Katy Deardorff is a Peninsula Pulse intern entering her sophomore year at Indiana University. This summer she was assigned the task of collecting information for the Green Page, but there was one problem – she didn’t know much about going green. Here, she details her ongoing education.
Have you seen those commercials convincing you to buy locally grown food? The Wisconsin Department of Agriculture, Trade and Consumer Protection has started the Buy Local, Buy Wisconsin campaign to help promote the local economy, urging people to keep their food dollars in Wisconsin. Unearthing the benefits of buying local is step number three in my continuing green education.
The food we pick up at the local grocer has taken quite a trip. Estimates say most food travels at least 1,300 miles from farm to your dinner table, often sitting in transit seven to 14 days. But Door County is a great place to get locally grown produce this time of year. The Web site http://www.foodroutes.com estimates there are around 3,100 farmers markets in the United States, and Door County boasts five weekly markets, in addition to farm market stands open regularly throughout the growing season.
There are several ways that buying locally grown food will help you go green. I enjoy walking around the famer’s market and talking to the people selling the goods. This allows me to connect with the farmers and understand more about what they do. The trip supplies me with an enriching opportunity that allows me to learn and to connect with the local people of Door County.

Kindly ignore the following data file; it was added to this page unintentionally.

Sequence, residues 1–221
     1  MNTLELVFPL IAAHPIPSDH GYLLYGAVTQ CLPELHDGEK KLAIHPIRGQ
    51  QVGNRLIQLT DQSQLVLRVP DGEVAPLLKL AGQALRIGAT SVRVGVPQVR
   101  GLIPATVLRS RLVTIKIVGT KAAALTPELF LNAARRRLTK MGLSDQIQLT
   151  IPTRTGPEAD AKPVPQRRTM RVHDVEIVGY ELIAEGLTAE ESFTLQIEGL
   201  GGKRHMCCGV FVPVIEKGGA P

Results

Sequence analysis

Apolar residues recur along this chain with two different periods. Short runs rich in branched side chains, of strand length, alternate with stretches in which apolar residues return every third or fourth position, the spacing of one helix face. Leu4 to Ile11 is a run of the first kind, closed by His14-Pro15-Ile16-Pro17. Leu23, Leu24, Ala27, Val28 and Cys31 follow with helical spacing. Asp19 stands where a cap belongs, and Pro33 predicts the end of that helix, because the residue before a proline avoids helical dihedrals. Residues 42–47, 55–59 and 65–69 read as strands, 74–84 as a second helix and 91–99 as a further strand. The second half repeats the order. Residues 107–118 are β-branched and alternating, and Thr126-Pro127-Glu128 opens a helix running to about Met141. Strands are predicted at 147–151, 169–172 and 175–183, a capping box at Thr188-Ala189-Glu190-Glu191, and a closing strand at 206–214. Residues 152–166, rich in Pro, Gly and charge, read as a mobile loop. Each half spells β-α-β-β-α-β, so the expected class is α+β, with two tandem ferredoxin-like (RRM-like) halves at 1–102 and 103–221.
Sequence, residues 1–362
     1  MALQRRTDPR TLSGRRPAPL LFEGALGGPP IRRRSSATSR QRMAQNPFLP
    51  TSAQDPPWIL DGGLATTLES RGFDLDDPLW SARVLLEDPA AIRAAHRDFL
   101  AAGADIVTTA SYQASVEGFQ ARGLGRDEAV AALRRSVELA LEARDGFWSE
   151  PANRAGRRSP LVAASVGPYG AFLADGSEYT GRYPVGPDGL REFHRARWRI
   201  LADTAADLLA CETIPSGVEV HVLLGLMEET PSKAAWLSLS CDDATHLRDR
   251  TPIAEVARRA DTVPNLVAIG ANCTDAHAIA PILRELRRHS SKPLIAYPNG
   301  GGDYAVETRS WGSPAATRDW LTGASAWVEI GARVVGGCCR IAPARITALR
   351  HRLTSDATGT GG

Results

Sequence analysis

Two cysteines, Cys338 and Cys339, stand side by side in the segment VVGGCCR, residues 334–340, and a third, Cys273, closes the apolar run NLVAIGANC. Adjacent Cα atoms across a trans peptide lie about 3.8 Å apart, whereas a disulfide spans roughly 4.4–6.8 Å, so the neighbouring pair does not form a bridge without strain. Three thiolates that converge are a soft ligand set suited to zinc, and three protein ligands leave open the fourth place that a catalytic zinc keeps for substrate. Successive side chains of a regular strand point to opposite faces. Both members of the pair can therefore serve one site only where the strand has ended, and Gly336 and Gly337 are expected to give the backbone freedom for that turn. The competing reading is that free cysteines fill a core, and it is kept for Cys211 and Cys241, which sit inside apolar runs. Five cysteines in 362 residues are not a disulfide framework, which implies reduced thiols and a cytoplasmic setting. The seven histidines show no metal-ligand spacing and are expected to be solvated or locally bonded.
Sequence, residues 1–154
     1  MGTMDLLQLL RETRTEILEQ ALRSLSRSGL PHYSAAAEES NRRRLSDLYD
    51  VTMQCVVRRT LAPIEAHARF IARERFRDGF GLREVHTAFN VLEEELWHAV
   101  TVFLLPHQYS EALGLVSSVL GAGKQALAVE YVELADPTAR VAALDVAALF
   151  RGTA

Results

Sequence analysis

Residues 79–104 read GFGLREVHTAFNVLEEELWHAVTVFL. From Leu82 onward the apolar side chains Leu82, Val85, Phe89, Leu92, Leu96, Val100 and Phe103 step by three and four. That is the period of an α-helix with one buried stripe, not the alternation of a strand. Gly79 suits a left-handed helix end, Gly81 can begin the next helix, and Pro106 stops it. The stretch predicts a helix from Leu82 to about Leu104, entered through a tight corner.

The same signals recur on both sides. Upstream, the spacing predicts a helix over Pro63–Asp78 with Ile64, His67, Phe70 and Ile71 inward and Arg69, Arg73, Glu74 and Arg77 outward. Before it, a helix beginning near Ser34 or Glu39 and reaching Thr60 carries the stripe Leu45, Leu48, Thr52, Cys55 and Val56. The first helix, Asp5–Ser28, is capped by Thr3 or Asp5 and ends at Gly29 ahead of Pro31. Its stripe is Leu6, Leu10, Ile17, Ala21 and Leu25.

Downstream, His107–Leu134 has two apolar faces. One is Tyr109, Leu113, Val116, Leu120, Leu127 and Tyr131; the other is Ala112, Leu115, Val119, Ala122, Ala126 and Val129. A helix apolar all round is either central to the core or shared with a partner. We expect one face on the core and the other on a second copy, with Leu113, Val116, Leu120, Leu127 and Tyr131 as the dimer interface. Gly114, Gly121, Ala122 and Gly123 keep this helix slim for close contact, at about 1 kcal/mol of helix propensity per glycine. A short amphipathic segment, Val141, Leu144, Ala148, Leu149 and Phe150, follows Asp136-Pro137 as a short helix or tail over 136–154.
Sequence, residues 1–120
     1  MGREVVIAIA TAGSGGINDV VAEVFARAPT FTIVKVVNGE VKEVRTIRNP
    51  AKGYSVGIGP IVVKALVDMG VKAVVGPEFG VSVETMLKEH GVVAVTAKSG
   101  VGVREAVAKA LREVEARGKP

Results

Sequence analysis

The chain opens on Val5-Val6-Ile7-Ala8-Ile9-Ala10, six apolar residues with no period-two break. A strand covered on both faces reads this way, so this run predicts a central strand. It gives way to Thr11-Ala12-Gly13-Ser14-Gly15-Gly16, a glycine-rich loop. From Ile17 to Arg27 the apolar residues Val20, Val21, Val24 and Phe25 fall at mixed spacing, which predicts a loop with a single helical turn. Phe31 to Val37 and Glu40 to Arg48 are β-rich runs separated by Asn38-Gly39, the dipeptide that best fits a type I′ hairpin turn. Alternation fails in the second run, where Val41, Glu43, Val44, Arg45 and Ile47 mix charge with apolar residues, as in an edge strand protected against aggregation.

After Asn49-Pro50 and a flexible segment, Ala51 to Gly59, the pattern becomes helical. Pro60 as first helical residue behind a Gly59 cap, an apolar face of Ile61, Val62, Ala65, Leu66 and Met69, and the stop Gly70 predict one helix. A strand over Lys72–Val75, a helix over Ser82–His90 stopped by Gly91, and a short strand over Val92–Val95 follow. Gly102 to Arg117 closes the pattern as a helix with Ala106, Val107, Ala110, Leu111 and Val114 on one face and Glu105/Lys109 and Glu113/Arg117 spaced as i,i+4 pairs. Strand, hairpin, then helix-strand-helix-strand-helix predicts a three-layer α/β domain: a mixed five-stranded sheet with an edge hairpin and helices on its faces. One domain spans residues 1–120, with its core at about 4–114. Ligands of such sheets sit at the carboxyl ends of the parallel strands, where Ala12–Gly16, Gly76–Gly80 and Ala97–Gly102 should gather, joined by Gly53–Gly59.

When you know where your food is coming from and who is growing, cultivating, and picking it, you feel a part of the process. Ultimately, when buying local the consumer knows exactly where their money is going and whom they are supporting.
Think about what you are paying for when you buy imported food. You are paying for your food to be transported, cooled, and preserved. When you buy locally you are paying the farmer for variety and for taste, not for pesticides and preservatives. Small farmers are earning smaller real incomes every year, while corporate agribusiness profits have skyrocketed.
And when you stop paying for transportation you stop paying for gas, reducing the amount of pollution and gas consumption.
Just walking around the famer’s market has taught me so much about where my food comes from. So next time you go to a grocery store and pick up a piece of fruit ask yourself where has this been and how did it get here. Then go to the farmer selling their product at the farmer’s market and ask him the same question, I’m sure he’ll have an answer for you.
• Weekly Door County Farmers Markets:
Organic or Better Produce Market
Harbor Court Shops
9426 Cedar Street
Saturdays, noon – 4 pm
Saturday Farmers Market
Corner of Michigan Street & 4th Ave.,
Saturdays, 9 am – 12:30 pm
Sister Bay Farmers Market
Corner of the Past
Hwy 57 & County Lane
South of Sister Bay
8 am – noon
Jacksonport Farmers Market
Corner of Hwy 57 & Cty V
9 am – 1 pm
Settlement Farmer’s Market
9106 Hwy 42
10:30 am – 1 pm